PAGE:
Medieval gauntlet discovered

Medieval gauntlet discovered

This gauntlet discovered near Zurich dates back to the 14th century. © Canton Archeology Zurich

During excavations near Zurich, archaeologists made a spectacular discovery: They came across the remains of a cellar from the 14th century, in which, in addition to various metal objects, they also discovered a suit of armor. The well-preserved glove dates from the 14th century and is one of the oldest and best-preserved examples of such a piece of medieval armor in Switzerland.

Kyburg Castle near Zurich is considered a cultural asset of national importance in Switzerland. The oldest form of this castle was built around a thousand years ago, probably by Count Liutfried II of Winterthur. Later, in the 13th century, the Habsburgs took over the castle and expanded it to include a curtain wall and a large palace. Around 200 years later, further renovations and new buildings were carried out. In order to research the history of the castle and its surroundings, employees of Zurich Cantonal Archeology have been carrying out excavations around Kyburg for several years.

Armor parts
Only parts of the left glove remain, but the right one is complete. © Canton Archeology Zurich

Medieval armor gauntlet

During excavations southeast of Kyburg Castle, the archaeologists have now come across a particularly exciting find: They discovered a medieval weaving cellar that burned down in the 14th century, and there was apparently also a blacksmith’s workshop in the immediate vicinity. In addition to a mold, the team also found more than 50 extremely well-preserved metal objects, including hammers, tweezers, pliers, keys, knives, bullet points and others. But the most spectacular thing was another metal object that was hidden among these finds: the archaeologists discovered the completely preserved components of a gauntlet.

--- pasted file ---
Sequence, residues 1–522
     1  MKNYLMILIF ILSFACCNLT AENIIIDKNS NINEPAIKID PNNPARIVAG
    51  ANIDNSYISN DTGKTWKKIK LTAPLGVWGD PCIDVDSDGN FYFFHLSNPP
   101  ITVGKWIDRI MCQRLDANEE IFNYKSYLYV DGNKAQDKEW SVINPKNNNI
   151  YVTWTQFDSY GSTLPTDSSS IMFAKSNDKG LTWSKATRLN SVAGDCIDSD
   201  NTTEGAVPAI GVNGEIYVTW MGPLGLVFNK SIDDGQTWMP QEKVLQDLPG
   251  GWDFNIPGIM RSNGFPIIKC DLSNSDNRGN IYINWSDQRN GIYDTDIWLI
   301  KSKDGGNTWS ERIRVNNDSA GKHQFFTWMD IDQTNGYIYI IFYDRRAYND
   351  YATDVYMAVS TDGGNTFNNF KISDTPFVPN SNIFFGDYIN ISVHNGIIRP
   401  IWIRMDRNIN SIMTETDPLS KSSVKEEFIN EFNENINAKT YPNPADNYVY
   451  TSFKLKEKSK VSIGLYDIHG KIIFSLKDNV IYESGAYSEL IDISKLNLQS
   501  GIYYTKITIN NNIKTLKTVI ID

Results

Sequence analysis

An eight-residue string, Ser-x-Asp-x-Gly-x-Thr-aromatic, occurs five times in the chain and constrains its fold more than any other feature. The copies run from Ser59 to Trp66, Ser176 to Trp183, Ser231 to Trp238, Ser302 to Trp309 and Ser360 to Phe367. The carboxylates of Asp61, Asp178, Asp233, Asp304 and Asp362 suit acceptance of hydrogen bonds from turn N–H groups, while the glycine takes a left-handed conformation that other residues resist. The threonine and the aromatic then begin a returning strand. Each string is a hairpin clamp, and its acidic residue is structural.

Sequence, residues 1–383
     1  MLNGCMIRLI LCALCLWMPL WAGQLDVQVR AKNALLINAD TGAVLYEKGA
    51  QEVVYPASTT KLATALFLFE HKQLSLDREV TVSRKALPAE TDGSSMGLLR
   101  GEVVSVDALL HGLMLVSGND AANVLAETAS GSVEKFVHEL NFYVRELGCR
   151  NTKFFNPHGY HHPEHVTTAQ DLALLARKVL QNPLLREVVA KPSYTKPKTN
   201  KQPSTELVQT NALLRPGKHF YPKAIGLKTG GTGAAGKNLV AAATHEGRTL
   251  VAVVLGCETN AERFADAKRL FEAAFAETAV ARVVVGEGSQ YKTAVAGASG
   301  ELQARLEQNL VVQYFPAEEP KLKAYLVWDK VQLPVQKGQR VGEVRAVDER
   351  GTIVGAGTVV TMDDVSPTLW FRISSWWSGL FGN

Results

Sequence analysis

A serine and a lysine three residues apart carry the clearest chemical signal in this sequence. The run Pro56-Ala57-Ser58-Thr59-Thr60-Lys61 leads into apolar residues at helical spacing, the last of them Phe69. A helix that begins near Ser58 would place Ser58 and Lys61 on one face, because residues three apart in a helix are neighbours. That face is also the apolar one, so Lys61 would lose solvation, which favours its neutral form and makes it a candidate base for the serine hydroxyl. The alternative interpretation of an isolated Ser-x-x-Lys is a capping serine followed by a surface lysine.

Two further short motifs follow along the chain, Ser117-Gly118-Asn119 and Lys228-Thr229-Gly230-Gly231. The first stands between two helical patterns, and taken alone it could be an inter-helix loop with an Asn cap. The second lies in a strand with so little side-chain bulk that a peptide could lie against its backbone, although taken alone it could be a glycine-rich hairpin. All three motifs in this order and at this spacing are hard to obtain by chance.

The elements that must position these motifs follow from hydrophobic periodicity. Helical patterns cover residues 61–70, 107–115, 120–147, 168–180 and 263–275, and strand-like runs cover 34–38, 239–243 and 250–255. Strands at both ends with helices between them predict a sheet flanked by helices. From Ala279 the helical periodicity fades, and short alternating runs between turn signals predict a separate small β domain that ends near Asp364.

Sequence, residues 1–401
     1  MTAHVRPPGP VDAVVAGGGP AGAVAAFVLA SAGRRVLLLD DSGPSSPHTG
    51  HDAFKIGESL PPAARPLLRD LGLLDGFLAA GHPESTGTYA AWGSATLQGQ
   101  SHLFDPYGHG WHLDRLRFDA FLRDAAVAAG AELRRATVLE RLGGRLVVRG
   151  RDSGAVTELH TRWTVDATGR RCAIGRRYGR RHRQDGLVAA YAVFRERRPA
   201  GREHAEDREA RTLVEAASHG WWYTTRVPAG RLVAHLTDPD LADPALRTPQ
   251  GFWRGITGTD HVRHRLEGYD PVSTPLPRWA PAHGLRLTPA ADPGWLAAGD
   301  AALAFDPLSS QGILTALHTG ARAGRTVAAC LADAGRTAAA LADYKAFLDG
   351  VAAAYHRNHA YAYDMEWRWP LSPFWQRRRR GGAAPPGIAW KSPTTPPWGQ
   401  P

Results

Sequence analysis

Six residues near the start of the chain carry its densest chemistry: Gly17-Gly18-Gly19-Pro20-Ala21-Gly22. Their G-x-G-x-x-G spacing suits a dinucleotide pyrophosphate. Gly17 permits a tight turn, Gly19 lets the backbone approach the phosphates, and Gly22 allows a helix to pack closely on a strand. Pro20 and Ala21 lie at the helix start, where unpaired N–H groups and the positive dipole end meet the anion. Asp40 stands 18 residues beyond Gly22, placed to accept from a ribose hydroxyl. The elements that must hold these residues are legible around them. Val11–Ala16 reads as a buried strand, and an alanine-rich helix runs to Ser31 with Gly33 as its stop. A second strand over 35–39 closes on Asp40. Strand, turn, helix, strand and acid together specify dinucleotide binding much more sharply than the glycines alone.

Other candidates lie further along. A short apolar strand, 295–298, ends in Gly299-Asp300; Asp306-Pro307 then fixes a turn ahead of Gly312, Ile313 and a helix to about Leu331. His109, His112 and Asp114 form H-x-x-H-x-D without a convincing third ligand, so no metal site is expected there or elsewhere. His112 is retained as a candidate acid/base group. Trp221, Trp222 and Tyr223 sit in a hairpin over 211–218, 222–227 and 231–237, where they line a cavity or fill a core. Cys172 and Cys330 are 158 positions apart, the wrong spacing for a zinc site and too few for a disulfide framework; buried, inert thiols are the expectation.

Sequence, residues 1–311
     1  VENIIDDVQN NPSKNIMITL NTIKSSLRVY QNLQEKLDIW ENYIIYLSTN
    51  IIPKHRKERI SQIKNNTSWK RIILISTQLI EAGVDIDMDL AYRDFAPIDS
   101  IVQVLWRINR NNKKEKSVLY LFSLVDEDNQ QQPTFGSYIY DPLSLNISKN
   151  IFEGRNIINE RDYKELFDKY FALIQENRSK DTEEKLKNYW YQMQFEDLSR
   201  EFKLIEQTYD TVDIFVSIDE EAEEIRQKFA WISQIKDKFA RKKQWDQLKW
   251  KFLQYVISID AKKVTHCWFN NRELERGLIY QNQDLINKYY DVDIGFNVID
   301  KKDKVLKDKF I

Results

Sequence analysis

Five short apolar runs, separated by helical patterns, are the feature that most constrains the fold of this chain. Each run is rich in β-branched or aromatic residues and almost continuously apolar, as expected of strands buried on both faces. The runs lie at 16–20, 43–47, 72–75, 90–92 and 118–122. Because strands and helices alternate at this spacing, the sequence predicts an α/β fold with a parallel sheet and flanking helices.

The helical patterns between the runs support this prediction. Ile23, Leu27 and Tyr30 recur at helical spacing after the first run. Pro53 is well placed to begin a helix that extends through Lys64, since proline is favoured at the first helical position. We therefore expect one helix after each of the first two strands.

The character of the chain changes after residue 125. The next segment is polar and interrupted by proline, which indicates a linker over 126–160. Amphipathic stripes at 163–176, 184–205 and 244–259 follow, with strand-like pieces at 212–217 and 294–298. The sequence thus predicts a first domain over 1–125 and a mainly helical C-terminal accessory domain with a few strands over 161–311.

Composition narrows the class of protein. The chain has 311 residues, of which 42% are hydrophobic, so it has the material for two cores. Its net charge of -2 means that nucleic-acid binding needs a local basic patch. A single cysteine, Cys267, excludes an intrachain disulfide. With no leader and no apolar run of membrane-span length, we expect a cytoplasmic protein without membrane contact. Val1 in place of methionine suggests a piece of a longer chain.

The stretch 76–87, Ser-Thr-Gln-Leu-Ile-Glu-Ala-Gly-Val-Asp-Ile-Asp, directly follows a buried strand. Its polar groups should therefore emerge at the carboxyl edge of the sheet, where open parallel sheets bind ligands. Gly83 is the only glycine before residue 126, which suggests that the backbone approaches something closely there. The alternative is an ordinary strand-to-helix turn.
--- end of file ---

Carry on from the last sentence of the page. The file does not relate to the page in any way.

The gauntlet was once part of medieval armor and protected the wearer’s right hand. Parts of the left gauntlet were also recovered during the excavations. The special thing about it: The previously known gauntlets from museums and collections mostly come from the 15th century and are therefore significantly younger than the current find, as the archaeologists report. However, examples from the 14th century are extremely rare – so far only five other gauntlets from this period have been found in Switzerland. “None of them, however, is anywhere near as well preserved and shows as many details of the style and decoration as the Kyburg glove,” says a statement from the cantonal archeology department.

Artfully crafted

Specifically, the gauntlet is a four-fold finger glove on the right hand. The individual iron plates of the movable links are placed on top of each other like scales and connected to each other with side rivets. The individual components of the glove were attached to the inside with additional rivets on a leather or textile carrier material, which in turn was sewn onto a textile finger glove. However, it is still unknown who the armor and gauntlets once belonged to and whether there is a connection to Kyburg Castle.

From March 29, 2024, a copy of the sensational find will be on display in the permanent exhibition at Kyburg Castle – together with a reconstruction that shows what this important piece of armor originally looked like. The original gauntlet can also be admired at the Kyburg, but only for a short time: from September 7, 2024, European Heritage Day, it will be on loan there for three weeks.

Source: Cantonal Archeology Zurich

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